Minorities and Philosophy (MAP)
Minorities and Philosophy (MAP)
Minorities and Philosophy (MAP) is a network of graduate students, in English-speaking philosophy departments, committed to examining and addressing issues of minority participation and underrepresentation in academic philosophy. Though primarily led by graduate students, MAP also relies on faculty support and encourages undergraduate participation.
The newly formed MAP chapter at Glasgow University aims to:
- Support a culture of openness for philosophy students at Glasgow
- Provide a forum to examine and address minority participation and underrepresentation issues as they relate to the study of philosophy at Glasgow
- Explore the wider minority participation and underrepresentation issues in academic philosophy
- Foster ties with existing initiatives within the department and beyond, that are already addressing issues of participation faced by minority and underrepresented groups, including gender, race, native-language, sexual orientation, class and disability minorities, among others.
If you would like to discuss any of the issues mentioned here or would like more information about MAP at Glasgow, please contact Berta Grimau, Daniel Abrahams, Nathan Kirkwood or Rashida Ahmad at email@example.com
Glasgow MAP Workshop 2019
Us and Them: Violence, Discrimination, and Minorities
The Minorities and Philosophy chapter of the University of Glasgow is pleased to announce its annual workshop. This year, we will focus on violence and discrimination as experienced by minorities.
Members of minorities, here broadly understood, are subjected to systematic forms of violence at the personal as well as institutional level. Recently unveiled cases of sexual abuses against women and members of the LGBTQ+ community in diverse contexts, the rise of hate speech from nationalist movements, and the increasing popularity of publicly discriminatory politicians in western democracies are only some of many instances that make analysing the issues urgent and necessary.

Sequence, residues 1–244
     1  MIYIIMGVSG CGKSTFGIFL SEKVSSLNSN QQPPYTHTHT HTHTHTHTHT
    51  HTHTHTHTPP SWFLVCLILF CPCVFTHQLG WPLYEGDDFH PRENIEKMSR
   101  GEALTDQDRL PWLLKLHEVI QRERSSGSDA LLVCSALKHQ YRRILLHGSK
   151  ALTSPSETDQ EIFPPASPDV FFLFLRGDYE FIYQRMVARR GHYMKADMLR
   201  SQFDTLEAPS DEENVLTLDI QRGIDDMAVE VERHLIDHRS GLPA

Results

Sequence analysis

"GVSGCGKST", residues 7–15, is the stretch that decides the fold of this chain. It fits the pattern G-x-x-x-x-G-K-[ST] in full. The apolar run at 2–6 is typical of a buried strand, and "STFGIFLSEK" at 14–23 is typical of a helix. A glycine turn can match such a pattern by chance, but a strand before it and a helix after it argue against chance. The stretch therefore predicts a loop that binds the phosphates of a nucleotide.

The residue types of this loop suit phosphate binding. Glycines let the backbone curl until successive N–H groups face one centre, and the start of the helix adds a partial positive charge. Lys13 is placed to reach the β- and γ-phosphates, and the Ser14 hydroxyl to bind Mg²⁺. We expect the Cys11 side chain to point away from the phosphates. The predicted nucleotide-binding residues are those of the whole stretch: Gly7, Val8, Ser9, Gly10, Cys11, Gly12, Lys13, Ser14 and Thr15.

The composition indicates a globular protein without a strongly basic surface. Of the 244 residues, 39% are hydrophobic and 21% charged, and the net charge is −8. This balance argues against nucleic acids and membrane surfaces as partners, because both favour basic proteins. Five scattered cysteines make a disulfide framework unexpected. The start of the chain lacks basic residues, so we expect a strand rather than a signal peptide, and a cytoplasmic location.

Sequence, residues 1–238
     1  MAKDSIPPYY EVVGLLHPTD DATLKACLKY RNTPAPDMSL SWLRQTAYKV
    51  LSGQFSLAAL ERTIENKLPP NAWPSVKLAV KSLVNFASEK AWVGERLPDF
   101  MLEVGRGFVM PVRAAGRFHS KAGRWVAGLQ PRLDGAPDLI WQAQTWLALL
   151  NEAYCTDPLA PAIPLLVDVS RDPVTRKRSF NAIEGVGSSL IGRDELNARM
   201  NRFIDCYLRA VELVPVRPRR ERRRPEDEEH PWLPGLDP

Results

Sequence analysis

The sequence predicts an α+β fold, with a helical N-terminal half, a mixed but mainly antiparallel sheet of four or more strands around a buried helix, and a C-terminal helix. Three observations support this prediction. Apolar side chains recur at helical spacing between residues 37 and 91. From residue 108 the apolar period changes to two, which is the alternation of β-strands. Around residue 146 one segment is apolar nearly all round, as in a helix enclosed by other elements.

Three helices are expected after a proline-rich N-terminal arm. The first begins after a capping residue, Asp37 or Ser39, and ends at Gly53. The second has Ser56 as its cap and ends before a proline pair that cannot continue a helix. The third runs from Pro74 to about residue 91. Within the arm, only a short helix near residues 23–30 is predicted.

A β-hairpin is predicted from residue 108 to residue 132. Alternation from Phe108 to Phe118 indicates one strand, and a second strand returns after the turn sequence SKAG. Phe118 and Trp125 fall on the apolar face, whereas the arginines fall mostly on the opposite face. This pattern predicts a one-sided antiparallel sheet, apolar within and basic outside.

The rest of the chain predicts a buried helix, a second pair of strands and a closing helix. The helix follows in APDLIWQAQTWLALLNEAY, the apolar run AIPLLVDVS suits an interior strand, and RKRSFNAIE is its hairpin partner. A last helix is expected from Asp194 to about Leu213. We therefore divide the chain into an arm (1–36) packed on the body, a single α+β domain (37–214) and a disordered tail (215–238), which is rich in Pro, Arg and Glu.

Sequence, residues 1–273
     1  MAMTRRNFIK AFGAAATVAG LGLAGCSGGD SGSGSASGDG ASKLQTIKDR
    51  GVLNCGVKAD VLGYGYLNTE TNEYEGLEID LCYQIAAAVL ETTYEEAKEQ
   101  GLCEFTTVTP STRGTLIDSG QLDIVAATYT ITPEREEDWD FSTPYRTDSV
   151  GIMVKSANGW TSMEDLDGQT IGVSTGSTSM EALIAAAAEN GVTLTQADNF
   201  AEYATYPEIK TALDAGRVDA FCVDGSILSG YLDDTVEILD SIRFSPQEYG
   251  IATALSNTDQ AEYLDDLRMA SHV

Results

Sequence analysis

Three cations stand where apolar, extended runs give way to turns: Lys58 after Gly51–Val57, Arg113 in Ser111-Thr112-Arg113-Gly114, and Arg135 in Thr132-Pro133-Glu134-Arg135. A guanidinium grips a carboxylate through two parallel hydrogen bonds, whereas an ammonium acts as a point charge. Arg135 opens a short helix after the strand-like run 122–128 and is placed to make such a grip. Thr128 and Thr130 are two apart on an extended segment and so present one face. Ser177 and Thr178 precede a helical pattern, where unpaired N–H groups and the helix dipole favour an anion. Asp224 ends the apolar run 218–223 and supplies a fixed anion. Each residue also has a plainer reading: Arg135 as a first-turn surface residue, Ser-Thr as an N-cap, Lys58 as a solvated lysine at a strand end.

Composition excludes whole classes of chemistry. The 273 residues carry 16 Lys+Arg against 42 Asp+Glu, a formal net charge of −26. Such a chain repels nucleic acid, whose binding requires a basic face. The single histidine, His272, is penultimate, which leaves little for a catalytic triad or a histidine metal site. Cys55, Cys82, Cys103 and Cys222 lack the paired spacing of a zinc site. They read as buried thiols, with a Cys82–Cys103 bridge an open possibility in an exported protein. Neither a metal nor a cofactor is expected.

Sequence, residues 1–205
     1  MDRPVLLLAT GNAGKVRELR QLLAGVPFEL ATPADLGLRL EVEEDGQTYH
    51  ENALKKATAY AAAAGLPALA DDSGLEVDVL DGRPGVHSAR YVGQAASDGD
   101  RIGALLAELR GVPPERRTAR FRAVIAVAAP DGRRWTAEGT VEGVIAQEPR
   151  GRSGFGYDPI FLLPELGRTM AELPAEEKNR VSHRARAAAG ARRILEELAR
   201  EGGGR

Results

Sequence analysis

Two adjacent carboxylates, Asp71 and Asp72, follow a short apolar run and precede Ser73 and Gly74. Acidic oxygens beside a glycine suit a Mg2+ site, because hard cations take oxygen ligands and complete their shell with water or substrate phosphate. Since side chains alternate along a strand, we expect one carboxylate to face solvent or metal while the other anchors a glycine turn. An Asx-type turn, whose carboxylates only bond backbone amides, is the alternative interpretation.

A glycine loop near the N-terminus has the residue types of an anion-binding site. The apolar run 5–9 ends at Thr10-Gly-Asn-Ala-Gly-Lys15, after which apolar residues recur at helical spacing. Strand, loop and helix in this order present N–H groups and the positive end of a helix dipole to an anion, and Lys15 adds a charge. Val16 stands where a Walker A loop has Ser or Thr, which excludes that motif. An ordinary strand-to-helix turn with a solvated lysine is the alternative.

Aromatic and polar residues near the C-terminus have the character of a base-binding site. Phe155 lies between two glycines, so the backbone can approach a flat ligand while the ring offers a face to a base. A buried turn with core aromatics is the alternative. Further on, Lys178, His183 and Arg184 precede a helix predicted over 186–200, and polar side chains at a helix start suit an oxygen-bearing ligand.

It appears that violence against minorities, whatever form it takes, has a discriminatory role: it aims to preserve a difference between “us” and “them”—namely, between targeted minorities and those who do not belong to them. Such a discriminatory role is meant to affirm and reiterate power structures that are in place with the purpose of differentiating between the violence perpetrators and those who are targeted.
Violence comes in a variety of forms and magnitudes, which include bodily harms, psychological abuse, derogatory language, ethnic cleansing, and countless more. Discrimination against minorities offers a ground for violence against its members. Therefore, it seems that there is a mutual relation between violence and discrimination against minorities. Such a relation has significant implications at both the personal as well as collective level for the targeted individuals. Yet these implications are largely unexplored.
The workshop “Us and Them: Violence, Discrimination and Minorities” aims to address two dimensions regarding these issues: (i) an analysis from the viewpoint of different philosophical approaches of violence and discrimination as experienced by minorities; (ii) the challenges that violence and discrimination pose to academic philosophy.
An exploration of (i) requires us to consider various implications—moral, epistemic, epistemic, political, and others—of violence and discrimination at both the individual and collective level. In order to investigate (ii), we seek to discuss shortcomings, opportunities, and strategies to tackle violence and discrimination within academic philosophy.
We believe that an effective approach on (i) and (ii) must be informed by views from the philosophy of disability, of race, of gender, and other related fields that focus primarily on discrimination and minorities. Below you can find some of the questions that we wish to discuss:
- What is the relation between discrimination and violence against minorities?
- How does violence against minorities differ from other forms of violence?
- What is the impact that violence and discrimination have over to the receiving agent’s self-perception?
- What kind of role do social and political structures play on the exercise of violence and discrimination against minorities?
To analyse the challenges that violence and discrimination pose to academic philosophy, we aim to discuss questions such as:
- How prone to violence and discrimination is the philosophical academic environment?
- Are there structural or relational vices or virtues that we should acknowledge?
- To what extent issues of violence and discrimination factor and affect academic philosophical research?
- Is there an intended emphasis in promoting philosophical analysis from the perspective of minorities?
The goal of the workshop is to bring together experts to investigate the moral, epistemic, political, and other implications of the above issues. Our aim is to provide a diverse, collaborative, and inclusive environment to foster dialogue and exchange of ideas about violence and discrimination as experienced by minorities.
Blum, L (2004). Stereotypes And Stereotyping: A Moral Analysis. Philosophical Papers 33(3): 251-289
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Equality Challenge Unit (ECU)
University of Glasgow Equality Statement
The University of Glasgow is committed to promoting equality in all its activities and aims to provide a work, learning, research and teaching environment free from discrimination and unfair treatment.